Posted by Adam Awdish on
Pooled Human Plasma (Blood Derived) from Innovative Research was used in the following study:
Senquan Liu, Mengyao Wu, Moira Lancelot, Jiusheng Deng, Yongxing Gao, John D. Roback, Tong Chen, and Linzhao Cheng
May 5, 2021
One of the most common treatments for patients with anemia or suffering from major blood loss is a red blood cell (RBC) transfusion from an ABO-matched donor. However, the number of cases that require these transfusions is increasing yearly, creating a growing need for blood donations amid blood shortages at some care facilities with high volumes of patients. Further, the risk of infection or rejection of the donor blood even after it’s been ABO-matched makes transfusion undesirable, and thus researchers have looked for efficient methods of ex vivo RBC creation in the lab for use in treatment.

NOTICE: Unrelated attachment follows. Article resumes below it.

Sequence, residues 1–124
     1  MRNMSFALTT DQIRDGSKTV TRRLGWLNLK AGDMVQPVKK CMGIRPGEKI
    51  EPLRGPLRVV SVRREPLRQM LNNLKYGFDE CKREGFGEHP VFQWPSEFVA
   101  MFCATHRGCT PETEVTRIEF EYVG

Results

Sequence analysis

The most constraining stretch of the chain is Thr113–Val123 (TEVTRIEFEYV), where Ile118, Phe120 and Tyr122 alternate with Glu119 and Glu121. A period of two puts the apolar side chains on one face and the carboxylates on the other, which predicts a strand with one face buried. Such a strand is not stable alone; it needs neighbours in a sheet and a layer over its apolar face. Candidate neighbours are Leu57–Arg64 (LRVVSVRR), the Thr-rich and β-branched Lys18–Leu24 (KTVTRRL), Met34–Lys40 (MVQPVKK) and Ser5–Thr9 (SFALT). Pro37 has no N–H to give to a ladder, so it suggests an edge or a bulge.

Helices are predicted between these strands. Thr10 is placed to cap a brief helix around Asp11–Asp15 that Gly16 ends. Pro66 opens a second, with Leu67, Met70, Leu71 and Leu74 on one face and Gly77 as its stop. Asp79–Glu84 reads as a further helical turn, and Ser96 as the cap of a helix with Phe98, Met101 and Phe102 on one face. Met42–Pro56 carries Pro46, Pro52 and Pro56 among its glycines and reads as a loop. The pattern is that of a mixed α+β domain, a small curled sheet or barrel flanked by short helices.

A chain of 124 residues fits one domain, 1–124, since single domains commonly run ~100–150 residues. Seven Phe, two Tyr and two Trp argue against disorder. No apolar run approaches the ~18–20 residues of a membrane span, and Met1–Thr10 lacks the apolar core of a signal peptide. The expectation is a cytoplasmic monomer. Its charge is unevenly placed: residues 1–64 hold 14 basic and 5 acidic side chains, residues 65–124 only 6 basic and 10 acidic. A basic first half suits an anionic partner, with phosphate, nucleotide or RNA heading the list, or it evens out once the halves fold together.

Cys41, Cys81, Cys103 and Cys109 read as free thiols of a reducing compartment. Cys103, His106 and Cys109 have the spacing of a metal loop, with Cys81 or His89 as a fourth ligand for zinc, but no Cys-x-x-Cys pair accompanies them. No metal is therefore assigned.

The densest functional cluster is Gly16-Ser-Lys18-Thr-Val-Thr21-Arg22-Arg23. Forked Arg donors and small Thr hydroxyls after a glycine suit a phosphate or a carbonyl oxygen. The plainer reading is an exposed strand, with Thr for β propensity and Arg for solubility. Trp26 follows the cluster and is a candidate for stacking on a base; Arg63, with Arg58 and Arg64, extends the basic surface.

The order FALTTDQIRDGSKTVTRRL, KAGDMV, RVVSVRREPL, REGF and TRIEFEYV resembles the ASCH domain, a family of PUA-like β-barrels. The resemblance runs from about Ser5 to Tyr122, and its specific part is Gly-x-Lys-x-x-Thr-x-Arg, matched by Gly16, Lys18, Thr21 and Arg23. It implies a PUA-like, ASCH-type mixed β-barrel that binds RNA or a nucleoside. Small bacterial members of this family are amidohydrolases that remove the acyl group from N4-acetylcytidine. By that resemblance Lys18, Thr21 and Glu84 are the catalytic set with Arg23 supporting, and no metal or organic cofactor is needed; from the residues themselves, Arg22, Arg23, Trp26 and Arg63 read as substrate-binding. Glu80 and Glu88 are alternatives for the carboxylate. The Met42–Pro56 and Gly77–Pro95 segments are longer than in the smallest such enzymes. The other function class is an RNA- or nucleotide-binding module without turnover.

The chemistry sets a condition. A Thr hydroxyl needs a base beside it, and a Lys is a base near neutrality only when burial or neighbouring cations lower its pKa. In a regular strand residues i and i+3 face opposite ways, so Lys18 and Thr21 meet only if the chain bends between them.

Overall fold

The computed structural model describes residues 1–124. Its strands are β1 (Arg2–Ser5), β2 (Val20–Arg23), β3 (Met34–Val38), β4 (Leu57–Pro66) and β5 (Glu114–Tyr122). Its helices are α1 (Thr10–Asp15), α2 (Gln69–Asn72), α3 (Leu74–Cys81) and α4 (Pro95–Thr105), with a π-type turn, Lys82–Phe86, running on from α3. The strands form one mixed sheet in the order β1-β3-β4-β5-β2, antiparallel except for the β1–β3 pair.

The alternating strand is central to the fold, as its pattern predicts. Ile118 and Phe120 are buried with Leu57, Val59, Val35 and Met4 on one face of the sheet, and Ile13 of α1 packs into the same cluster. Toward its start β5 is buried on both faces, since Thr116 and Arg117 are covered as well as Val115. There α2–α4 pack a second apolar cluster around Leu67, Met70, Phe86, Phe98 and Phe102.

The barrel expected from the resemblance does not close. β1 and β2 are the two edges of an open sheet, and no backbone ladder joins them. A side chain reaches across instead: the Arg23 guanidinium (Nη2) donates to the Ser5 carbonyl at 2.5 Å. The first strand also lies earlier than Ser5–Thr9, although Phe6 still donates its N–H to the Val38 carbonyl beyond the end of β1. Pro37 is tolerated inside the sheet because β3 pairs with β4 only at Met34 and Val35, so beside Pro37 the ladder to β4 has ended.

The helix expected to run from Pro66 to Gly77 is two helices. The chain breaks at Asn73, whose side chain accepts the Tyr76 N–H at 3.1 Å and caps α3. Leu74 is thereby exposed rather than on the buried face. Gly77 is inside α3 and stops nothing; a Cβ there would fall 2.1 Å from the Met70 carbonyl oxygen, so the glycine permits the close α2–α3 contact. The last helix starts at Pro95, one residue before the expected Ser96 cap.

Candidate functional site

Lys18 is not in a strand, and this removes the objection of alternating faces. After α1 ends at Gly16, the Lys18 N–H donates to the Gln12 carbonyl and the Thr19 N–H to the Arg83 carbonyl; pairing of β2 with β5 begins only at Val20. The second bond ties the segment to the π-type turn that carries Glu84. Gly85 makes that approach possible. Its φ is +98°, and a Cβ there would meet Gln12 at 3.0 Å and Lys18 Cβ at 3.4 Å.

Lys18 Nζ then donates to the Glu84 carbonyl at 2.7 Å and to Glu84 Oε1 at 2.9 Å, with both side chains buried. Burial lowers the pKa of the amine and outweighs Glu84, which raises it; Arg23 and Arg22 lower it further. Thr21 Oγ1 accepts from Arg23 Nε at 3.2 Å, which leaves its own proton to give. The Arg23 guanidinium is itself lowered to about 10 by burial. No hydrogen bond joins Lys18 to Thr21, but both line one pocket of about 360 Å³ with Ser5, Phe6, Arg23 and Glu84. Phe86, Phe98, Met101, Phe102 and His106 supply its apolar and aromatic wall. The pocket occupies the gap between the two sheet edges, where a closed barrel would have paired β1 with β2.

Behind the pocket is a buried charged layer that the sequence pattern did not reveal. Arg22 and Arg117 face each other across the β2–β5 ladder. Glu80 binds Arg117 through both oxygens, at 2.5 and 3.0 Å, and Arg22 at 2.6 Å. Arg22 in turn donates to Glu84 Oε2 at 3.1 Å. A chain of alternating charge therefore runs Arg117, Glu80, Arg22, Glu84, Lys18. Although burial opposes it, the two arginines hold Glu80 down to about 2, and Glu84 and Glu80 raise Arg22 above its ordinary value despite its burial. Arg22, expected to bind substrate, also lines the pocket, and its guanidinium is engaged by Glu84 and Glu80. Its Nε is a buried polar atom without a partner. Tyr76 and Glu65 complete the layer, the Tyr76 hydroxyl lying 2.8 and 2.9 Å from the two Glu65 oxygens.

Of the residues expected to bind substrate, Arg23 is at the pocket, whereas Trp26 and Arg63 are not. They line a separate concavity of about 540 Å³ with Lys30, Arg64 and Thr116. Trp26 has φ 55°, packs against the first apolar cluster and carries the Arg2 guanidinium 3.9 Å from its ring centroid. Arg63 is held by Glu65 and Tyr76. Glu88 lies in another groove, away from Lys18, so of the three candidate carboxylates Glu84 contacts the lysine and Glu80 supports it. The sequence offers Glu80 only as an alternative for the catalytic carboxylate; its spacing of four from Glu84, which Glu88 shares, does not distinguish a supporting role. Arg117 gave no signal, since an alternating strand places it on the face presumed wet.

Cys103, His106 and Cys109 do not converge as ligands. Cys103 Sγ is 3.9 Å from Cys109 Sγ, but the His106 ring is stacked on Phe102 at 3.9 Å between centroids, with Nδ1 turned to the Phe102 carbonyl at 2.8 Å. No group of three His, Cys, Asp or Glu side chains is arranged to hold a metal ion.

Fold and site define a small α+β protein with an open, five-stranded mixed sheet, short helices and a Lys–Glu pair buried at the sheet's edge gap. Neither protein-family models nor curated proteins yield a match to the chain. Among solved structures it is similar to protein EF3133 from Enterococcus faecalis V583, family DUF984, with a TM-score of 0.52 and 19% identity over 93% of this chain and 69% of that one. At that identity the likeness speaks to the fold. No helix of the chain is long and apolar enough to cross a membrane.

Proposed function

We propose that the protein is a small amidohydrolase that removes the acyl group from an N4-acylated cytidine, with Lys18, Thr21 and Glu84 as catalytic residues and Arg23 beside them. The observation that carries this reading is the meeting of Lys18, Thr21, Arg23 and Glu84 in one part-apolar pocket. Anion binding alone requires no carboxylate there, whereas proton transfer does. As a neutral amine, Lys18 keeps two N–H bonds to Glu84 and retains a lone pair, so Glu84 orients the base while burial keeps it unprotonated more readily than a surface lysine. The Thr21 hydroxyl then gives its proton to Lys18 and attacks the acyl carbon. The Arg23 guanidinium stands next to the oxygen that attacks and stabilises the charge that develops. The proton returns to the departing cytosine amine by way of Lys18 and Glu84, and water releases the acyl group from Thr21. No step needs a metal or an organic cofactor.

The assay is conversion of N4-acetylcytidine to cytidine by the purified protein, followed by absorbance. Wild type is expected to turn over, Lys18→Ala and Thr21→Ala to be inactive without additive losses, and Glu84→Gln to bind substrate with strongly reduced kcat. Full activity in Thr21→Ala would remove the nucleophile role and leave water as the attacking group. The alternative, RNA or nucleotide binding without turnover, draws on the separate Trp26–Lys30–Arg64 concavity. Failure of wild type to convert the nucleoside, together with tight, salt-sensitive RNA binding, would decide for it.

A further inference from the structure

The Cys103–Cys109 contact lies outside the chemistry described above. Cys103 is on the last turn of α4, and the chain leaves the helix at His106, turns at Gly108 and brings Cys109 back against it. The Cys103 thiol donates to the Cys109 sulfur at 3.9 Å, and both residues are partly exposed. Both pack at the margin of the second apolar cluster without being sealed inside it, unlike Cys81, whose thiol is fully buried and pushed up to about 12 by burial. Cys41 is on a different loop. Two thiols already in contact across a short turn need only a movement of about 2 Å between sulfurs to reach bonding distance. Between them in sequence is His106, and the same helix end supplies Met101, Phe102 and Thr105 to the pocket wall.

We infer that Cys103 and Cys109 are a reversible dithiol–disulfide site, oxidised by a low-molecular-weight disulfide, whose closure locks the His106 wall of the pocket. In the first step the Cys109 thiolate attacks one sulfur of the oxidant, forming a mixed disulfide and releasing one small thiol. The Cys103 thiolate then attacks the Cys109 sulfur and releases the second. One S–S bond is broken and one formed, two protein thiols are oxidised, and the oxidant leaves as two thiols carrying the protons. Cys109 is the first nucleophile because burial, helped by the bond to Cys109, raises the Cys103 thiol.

Unfortunately, it currently remains challenging to develop transferrable RBCs via ex vivo methods, as previous attempts have struggled to produce a desirable amount of such cells in an efficient amount of time. In this study, however, researchers found that the human BMI1 gene causes human erythroblasts to expand at an exponential rate, and in a transferrable state. This knowledge of the BMI1 gene provides a new, easier approach to creating functional erythroblasts in lab settings.
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